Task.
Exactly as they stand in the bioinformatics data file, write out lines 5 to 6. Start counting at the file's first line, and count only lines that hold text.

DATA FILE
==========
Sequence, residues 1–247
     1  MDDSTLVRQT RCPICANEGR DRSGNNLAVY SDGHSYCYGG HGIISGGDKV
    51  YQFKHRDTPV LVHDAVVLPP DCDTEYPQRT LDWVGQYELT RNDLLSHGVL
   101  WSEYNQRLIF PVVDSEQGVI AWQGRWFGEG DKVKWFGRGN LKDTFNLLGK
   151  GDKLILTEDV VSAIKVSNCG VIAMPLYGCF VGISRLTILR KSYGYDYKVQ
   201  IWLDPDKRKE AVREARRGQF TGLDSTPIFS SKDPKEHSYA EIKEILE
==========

   151  GDKLILTEDV VSAIKVSNCG VIAMPLYGCF VGISRLTILR KSYGYDYKVQ
   201  IWLDPDKRKE AVREARRGQF TGLDSTPIFS SKDPKEHSYA EIKEILE